These 2 equal yet very different branches of the ANS are always working in an attempt to keep our bodies in balance (homeostasis) and working optimally.
Good health and optimum performance depends on proper and balanced regulation between both sides of the autonomic nervous system, the SNS and PNS. This is referred to as homeostasis which means equilibrium between the 2 opposing forces. All organisms are constantly aiming for homeostasis, by attempting to regulate and maintain optimal conditions at all times. The ANS is constantly monitoring and reacting to any changes to the optimal state of homeostasis.
Things that cause imbalances and interfere with proper regulation of the ANS can be considered a stressor. A healthy body ANS will react to any stressor by a sympathetic nervous system SNS (fight or flight) response. This will be activated until the personal limits of homeostasis are obtained until the threat is addressed and homeostasis is once again reached. At that point the SNS activity is turned off and the PNS is turned on. Once the opposite homeostatic limit is obtained, the PNS is switched off, and the SNS once again switches back on.
Prolonged stress that cannot be addressed, corrected, or adapted to may result in a prolonged SNS response and a weak underactive PNS. When this happens, the majority of the body's energy reserves will be used by the SNS to fight the prolonged stressor at the expense of the PNS programs. We refer to this blocked regulation of the ANS as the chronic SNS. The much needed programs for the PNS to run properly which include rest, repair, regeneration, digestion, and detoxing. Overtime, this will result in poor digestion, insomnia, poor detoxification, weakened immunity, and the inability to repair and regenerate. Blocked regulation of the ANS results in increased inflammation, degeneration instead of regeneration, high blood pressure, high heart rate, high cortisol levels, anxiety, nervousness.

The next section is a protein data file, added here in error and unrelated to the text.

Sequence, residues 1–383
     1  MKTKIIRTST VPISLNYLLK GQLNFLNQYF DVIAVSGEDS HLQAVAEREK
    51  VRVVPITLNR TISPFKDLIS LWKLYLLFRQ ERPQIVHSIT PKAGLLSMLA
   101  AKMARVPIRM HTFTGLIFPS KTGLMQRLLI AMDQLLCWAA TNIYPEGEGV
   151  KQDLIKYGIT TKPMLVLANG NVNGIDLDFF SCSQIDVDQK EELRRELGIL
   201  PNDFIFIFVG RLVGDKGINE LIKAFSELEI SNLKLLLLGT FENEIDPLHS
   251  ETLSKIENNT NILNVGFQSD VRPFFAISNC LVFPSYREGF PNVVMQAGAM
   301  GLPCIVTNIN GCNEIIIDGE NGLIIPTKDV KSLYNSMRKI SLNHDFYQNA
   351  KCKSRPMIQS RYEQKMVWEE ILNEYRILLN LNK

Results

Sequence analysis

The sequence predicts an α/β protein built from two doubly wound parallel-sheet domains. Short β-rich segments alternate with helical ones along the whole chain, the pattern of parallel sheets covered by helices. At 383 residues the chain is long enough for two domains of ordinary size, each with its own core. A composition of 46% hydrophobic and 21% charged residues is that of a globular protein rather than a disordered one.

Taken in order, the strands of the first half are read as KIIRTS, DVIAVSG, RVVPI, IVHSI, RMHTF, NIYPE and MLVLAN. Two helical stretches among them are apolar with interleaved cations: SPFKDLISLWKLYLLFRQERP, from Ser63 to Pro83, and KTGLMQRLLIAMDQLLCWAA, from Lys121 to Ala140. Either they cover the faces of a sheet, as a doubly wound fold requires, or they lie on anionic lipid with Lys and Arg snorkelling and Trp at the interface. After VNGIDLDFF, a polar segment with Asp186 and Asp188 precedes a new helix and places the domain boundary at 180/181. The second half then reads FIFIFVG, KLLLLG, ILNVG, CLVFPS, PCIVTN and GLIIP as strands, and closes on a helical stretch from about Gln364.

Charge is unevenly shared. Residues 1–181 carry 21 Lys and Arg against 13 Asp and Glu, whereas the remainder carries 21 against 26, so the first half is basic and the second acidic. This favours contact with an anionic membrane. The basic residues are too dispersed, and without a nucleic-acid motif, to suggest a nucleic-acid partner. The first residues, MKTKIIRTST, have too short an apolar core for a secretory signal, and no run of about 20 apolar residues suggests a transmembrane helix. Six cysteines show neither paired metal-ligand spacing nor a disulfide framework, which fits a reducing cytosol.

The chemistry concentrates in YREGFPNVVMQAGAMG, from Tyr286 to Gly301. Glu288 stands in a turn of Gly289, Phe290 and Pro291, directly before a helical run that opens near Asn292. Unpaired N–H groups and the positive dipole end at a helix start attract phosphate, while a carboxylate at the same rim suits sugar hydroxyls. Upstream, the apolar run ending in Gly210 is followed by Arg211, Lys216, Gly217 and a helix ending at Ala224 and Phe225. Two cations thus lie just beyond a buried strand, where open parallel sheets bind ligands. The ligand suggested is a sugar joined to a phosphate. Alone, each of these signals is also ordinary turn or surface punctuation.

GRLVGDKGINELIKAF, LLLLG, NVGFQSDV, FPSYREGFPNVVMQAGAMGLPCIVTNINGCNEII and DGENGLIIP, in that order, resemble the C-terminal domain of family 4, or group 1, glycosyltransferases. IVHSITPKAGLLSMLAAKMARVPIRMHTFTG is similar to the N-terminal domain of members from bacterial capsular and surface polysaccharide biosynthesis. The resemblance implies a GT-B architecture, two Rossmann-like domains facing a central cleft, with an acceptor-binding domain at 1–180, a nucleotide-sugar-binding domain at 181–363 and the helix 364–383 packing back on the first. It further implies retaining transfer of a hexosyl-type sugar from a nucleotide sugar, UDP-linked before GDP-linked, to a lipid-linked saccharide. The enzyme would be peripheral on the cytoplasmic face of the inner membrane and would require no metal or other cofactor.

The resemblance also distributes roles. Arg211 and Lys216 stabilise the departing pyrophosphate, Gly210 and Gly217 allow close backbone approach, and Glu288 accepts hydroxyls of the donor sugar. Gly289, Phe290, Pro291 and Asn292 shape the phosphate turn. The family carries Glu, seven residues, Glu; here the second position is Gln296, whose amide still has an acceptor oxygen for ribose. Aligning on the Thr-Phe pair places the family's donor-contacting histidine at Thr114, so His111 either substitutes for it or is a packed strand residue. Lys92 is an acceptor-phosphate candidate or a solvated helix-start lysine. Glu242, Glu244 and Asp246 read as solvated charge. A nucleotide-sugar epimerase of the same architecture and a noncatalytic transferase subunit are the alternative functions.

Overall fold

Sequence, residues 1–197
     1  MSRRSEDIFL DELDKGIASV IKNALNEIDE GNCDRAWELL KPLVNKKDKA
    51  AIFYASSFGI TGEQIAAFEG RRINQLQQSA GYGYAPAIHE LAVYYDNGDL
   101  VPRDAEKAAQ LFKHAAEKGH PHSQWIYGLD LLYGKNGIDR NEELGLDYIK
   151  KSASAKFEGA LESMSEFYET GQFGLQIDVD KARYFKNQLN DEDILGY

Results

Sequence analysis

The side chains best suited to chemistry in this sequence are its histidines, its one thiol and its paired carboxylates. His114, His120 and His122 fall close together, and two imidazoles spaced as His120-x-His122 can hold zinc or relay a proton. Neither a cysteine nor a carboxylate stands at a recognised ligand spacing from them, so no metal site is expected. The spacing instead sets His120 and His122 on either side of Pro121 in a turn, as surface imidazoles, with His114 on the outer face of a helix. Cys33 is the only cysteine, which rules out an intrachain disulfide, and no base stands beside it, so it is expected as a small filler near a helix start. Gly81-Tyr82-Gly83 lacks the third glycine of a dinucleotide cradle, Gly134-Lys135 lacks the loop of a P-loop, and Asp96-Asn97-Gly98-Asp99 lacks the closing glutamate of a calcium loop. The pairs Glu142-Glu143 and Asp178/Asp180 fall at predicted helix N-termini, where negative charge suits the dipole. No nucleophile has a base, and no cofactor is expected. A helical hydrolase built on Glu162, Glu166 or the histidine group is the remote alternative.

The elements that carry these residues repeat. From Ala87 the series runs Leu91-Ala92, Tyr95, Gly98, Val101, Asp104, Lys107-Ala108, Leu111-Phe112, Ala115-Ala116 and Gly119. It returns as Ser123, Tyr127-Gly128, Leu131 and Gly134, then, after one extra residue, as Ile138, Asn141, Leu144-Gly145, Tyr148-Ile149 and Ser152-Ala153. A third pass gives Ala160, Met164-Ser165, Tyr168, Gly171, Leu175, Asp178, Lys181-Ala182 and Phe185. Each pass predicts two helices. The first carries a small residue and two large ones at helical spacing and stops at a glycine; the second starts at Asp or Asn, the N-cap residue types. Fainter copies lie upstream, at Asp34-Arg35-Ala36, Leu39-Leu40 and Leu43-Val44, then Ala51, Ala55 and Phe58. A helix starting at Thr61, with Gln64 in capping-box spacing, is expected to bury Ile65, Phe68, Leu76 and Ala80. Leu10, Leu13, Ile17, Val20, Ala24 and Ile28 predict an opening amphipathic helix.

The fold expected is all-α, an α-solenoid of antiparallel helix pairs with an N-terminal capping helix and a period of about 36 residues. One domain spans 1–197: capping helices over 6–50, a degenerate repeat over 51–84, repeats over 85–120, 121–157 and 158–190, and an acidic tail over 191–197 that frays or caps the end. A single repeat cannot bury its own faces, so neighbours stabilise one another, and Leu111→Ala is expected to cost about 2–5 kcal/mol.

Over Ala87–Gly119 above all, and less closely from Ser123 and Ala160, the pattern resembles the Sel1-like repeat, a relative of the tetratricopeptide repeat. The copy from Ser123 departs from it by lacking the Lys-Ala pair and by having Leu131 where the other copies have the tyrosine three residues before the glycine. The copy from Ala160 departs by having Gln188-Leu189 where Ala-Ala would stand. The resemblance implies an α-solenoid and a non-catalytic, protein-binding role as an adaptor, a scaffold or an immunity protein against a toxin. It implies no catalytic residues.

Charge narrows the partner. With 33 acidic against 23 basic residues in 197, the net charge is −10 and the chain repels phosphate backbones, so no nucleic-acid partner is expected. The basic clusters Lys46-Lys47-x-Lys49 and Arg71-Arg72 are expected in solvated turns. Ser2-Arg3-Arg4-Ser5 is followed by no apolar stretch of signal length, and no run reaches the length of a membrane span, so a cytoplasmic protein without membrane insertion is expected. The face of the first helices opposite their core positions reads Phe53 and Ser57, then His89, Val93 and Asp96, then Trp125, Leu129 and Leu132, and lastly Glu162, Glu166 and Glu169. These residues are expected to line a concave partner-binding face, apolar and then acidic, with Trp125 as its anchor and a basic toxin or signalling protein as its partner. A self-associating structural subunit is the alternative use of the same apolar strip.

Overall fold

This stress response by the SNS was designed to address real threats to our survival for a relatively short duration of time. A sympathetic dominant response becomes a big problem and energy depleting endeavor for extended periods of time. The PNS state is much more preferred because of drives the rest, repair, and regenerating programs of the body.
First step in achieving optimum health and well being is to detect and to address the stressor that is causing the sympathetic fight or flight dominant response by the ANS. This can be accomplished through Autonomic Feedback Testing (AFT), which uses the autonomic nervous system as a feedback mechanism, to detect and address the most deep rooted stressors.
Once the stressor is detected and addressed, this ensures proper regulation of the ANS and homeostasis of the body's systems.
~The above text is taken from The Fast Way to Slow Down Ageing by Sheri Dixon
These statements have not been evaluated by the FDA. These products are not intended to diagnose, treat, cure, or prevent any disease.